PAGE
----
There are several other tools tech companies are using to deal with diversity, inclusion, and hiring bias. Psychologists believe that it is difficult to impossible to remove unconscious bias. What they propose are solutions that will mitigate the effects of unconscious bias in the workplace. GapJumpers is a new startup that looks at job skills and performs blind auditions, rather than looking at resumes. For jobs and skills that can be self-taught, like coding, applicants without college or experience have a way to shine. Applicants are given a skills test, or a hands-on task to complete. The audition is based on the results of the work. Textio was developed by looking at unconscious gender bias in the language of job descriptions. They use analytics and a predictive model to assess the language used in job searches and descriptions. Phrases are highlighted and areas of concern addressed, with suggestions for improvement. Companies using the method are meeting their hiring goals of more qualified and diverse candidates.

The National Center for Women and Information Technology has published some “Promising Practices”¬†to help HR departments and hiring managers make decisions that reduce the impact of unconscious bias.SaveSave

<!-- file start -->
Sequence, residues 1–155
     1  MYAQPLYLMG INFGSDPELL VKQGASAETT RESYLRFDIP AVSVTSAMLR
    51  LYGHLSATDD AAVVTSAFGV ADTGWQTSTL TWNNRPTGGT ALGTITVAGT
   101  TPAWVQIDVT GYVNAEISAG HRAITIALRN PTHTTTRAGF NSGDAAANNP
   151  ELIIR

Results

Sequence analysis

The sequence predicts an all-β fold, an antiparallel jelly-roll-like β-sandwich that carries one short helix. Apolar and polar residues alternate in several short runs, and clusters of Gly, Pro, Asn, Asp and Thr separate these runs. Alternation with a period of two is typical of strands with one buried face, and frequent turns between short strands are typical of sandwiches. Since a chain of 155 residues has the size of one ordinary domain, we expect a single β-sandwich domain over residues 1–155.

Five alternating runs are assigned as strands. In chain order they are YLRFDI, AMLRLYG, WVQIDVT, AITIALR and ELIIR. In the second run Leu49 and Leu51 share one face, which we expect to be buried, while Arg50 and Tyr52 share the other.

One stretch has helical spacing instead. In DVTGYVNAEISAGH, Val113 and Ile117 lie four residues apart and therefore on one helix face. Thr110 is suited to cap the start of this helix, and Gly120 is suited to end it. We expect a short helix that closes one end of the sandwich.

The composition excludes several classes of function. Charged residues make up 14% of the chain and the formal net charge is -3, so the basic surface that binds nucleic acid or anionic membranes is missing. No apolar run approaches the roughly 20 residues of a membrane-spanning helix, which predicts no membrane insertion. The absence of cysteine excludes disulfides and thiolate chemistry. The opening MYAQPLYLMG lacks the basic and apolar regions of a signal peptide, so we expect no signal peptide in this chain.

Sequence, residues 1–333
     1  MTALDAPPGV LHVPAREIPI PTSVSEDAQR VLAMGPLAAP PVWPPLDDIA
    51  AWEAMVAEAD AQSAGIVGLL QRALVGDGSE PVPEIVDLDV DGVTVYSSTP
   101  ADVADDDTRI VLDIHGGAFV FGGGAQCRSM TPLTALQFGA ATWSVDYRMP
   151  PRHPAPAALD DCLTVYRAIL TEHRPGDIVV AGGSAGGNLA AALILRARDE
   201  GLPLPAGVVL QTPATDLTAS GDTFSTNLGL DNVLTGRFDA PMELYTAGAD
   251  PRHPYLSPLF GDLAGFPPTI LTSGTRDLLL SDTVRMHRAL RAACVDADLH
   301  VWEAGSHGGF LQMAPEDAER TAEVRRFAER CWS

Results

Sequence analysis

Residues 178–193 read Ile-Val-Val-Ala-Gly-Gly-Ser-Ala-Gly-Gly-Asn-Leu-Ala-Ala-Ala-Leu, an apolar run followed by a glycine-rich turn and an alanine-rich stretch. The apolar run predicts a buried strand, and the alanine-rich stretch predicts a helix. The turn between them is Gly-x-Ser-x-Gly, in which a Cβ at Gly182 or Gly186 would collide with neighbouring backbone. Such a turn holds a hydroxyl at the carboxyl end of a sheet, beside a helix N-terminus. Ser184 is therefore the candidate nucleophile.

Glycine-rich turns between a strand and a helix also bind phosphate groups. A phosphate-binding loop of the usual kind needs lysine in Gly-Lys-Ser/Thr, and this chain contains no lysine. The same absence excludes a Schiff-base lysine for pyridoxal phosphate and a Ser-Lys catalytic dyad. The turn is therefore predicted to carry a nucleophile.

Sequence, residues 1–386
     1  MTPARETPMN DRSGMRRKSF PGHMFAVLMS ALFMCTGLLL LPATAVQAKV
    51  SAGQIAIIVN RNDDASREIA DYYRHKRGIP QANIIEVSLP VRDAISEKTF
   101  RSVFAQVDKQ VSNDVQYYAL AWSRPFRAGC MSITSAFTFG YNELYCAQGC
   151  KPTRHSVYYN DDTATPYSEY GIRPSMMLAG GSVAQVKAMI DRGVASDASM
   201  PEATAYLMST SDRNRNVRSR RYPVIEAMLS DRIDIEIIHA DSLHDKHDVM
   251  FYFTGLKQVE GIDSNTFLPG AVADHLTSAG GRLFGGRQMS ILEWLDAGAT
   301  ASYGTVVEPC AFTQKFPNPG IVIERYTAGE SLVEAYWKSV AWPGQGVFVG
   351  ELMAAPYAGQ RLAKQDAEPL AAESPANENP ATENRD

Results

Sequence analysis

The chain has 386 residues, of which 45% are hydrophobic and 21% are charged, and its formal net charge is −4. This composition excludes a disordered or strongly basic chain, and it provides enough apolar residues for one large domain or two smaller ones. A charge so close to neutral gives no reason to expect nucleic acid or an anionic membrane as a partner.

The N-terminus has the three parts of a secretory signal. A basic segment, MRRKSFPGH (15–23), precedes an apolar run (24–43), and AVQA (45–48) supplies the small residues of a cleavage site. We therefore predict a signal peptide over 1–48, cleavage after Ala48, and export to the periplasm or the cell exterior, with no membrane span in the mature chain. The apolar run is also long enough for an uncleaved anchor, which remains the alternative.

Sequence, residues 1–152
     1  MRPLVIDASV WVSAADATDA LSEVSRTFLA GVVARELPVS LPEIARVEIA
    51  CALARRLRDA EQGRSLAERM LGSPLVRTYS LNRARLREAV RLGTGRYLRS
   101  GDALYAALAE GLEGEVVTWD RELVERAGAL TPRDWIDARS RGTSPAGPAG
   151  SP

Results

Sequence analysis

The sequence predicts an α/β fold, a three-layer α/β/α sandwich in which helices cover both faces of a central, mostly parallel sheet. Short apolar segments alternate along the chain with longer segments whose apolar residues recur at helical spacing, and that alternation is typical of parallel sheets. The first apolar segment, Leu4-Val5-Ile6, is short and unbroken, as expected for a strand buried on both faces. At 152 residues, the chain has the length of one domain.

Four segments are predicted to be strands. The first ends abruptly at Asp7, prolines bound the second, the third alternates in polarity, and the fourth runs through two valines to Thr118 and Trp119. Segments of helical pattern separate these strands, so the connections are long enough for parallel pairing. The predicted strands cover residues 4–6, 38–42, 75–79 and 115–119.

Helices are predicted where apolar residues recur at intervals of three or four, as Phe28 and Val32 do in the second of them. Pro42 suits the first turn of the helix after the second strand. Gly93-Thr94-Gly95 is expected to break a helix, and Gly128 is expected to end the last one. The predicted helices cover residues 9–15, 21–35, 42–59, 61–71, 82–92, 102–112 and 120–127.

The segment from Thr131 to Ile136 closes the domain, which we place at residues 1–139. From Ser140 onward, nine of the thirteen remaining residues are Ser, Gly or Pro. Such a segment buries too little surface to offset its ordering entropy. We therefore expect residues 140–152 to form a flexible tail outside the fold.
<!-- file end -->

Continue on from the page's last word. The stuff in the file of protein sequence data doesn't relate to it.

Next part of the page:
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Born in 1964, Megan Smith has been a role model in tech for many years. She graduated from MIT with a  degree in mechanical engineering. Between leading a team trying to provide world-wide WiFi and bringing more women into tech, she strives for digital inclusivity.

Chief Technology Officer for the United States

As the CTO for the United States, Megan Smith is in charge of assisting the Obama administration with the development of policies and initiatives relating to technology. She is also the first woman to hold the position and was appointed to the role in 2014. VP for Google X In her 9 years with Google, Smith assisted in the acquisition of Picasa and the software that would become Google Earth and Google Maps. She also became the Vice-President of Google X, which is the Google sub-company responsible for Google Glass and the self-driving car. She has also been involved with projects such as Loon and Wing.

Project Loon¬†seeks to bring WiFi connectivity to remote locations all over the world. Google plans to do this by using wind and solar-powered high-altitude balloons. These balloons will fly at twice the height of most commercial airplanes. While the beta test in 2013 didn’t go as well as they hoped, the company plans¬†to have the technology available as early as 2020.

Project Wing¬†is currently developing flying delivery-drones.¬†Not only will these drones be capable of quickly delivering goods, similar to Amazon’s drones, they will also be able to deliver goods to remote locations. This project has the potential to be helpful in emergency situations, such as getting emergency supplies to a lost or injured hiker while he is waiting to be rescued.

CEO of PlanetOut

PlanetOut was an entertainment company targeting the LGBT demographic. The company worked with AOL, Yahoo!, and MSN to create an LGBT-friendly community. Smith worked as the COO before becoming the CEO in 2001. The company’s exposure increased ten-fold under her leadership. SaveSave